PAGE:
Slow AWS Data Slicing

Hi All,

I’m building an API that serves up data from a TileDB database that I have stored on AWS S3, everything is working but is doing so very slowly.

The problem is confined to the following code block.

with, "r") as TileDB_array:     # Takes 1.7s
    data = TileDB_array[start_idx:end_idx]               # Takes 9.8s

I’ve tried to do a number of things to get the timings down to what they are above: first I reduced the tile size from a year to a day which led to a x4 speedup, then I moved my API server to the same AWS region which led to a 2x speed-up.

The problem is that despite these speed-ups it still takes ~11s to serve the data, far too slow for my requirements and far slower than the previous SQL set-up I had running.

Are there any general tips/tricks that can be used to speed-up slicing and accessing data? I’m using a time series index but I cant imagine that slows things down too much as its stored as integer values.

Thanks for all help and guidance!

1 Like

Hello @AyrtonB,

Would you mind posting the array schema for us to look at? Can you also clarify a few things.

  1. What version of TileDB and TileDB-Py are you using? If you installed from pip the TileDB-Py version is enough, if you installed from conda please tell use both package versions.
  2. How many fragments are in the array?
    2a. Roughly what is the size of each fragment? Are you writing a single cell per fragment?
  3. Have you ever run consolidation for the fragments or fragment metadata?
    3a. If so, did you also run a vacuum?
  4. How big is the range you are querying? end_idx - start_idx
    4a. How sparse is your dataset? If I remember you have one data point every 30 minutes?

I suspect that the problem is there is a large number of fragments. When an array is open, TileDB must fetch the fragment metadata from every non-consolidated fragment. If your fragment count is high this can add up. To fix this, there is an option to consolidate the fragment metadata. If your fragments are very small, consolidating the entire fragment and not just the metadata might also help provide a performance boost.

Based on your responses we’ll get a recommendation for how to improve your performance. 1.7s to open the array is definitely too slow, and leads me to assume a fragment count issue.

1 Like

Hi @seth, thanks for the quick reply!


    Dim(name='datetime', domain=(numpy.datetime64('2010-01-01T00:00'), numpy.datetime64('2025-01-01T00:00')), tile=1440 minutes, dtype='datetime64[m]'),
    Attr(name='ccgt', dtype='int32'),
    Attr(name='oil', dtype='int32'),
    Attr(name='coal', dtype='int32'),
    Attr(name='nuclear', dtype='int32'),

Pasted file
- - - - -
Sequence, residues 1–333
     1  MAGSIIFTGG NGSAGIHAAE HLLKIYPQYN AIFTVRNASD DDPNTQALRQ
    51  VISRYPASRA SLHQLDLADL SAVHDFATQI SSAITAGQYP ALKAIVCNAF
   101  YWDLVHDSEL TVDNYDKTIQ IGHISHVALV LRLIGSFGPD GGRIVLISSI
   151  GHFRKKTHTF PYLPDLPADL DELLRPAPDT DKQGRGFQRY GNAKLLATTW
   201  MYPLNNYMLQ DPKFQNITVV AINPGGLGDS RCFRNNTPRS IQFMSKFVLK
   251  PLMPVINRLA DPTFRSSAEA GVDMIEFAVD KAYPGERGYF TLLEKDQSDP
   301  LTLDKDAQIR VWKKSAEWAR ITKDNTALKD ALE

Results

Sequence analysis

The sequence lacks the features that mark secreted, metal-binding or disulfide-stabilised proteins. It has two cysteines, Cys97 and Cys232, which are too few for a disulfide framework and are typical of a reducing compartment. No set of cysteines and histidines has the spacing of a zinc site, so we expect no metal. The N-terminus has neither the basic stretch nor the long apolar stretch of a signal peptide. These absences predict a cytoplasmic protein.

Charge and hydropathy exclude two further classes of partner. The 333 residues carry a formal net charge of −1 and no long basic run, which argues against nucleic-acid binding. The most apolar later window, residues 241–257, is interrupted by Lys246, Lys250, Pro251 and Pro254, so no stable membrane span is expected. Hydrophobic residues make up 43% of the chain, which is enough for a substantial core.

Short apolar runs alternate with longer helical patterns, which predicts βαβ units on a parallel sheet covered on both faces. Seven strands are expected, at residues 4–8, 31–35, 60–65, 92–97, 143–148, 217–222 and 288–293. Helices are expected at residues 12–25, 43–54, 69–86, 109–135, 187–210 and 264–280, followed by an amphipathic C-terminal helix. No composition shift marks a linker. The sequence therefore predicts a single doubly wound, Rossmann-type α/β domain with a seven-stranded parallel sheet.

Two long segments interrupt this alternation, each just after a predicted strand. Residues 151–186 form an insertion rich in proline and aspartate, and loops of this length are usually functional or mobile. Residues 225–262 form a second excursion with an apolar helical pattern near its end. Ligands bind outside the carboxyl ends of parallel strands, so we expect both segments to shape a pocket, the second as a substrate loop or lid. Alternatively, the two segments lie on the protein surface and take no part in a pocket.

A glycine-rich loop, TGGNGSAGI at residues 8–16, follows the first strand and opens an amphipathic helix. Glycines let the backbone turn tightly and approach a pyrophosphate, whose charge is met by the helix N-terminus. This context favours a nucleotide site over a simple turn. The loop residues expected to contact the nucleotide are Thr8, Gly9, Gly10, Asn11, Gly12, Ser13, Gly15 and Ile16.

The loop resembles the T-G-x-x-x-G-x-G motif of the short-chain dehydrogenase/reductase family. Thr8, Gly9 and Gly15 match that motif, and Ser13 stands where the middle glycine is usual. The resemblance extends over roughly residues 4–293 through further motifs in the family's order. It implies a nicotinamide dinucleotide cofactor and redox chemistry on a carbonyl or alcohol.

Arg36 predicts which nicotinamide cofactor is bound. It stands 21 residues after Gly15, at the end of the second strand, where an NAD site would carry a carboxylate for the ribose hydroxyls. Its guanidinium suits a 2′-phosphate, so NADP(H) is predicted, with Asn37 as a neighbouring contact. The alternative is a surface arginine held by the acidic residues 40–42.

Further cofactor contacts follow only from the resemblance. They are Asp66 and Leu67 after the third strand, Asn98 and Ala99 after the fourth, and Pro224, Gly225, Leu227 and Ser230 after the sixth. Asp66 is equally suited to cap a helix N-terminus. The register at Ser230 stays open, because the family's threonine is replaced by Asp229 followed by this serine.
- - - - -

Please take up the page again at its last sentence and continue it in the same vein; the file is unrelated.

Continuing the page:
Attr(name='wind', dtype='int32'),
    Attr(name='ps', dtype='int32'),
    Attr(name='npshyd', dtype='int32'),
    Attr(name='ocgt', dtype='int32'),
    Attr(name='other', dtype='int32'),
    Attr(name='intfr', dtype='int32'),
    Attr(name='intirl', dtype='int32'),
    Attr(name='intned', dtype='int32'),
    Attr(name='intew', dtype='int32'),
    Attr(name='biomass', dtype='int32'),
    Attr(name='intnem', dtype='int32'),
  tile_order='row-major', sparse=True)
# note: filters omitted


  1. tiledb 2.0.3 & tiledb-py 0.6.2 - installed via conda

  2. There’s nearly 700 fragments, I’m adding a new fragment each half hour as new data comes in

  3. No I haven’t (consolidated), I’ll test that now.

  4. the date range is 24 hours, one of the great things I’ve had with TileDB is that even when querying ~yr its only marginally slower, so I’ve been operating under the assumption that the time range isnt the root cause. Yes its pretty sparse with ~97% of the array empty as its adding an entry every 30 minutes.

The fragmentation seems like it could be the issue, thanks for guiding me in the right direction. Will update the thread with results of consolidation.

1 Like

Consolidation brought it down to sub 2s with the opening at less thatn 0.2s.

Thanks again for the help @seth!

@AyrtonB glad this solved your issue. Let us know if you run into any other questions or issues.

Out of curiosity, if you don’t mind me asking, what was your previous SQL setup you are comparing against?


Not at all. It was a PostgreSQL DB with PostgREST serving the data, the big difference in speed mainly due to the fact that the DB and API were on the same server. After consolidation the speeds are on par now though and the overall workflow is much nicer, plus being able to have the DB on S3 means it integrates far easier with our other services.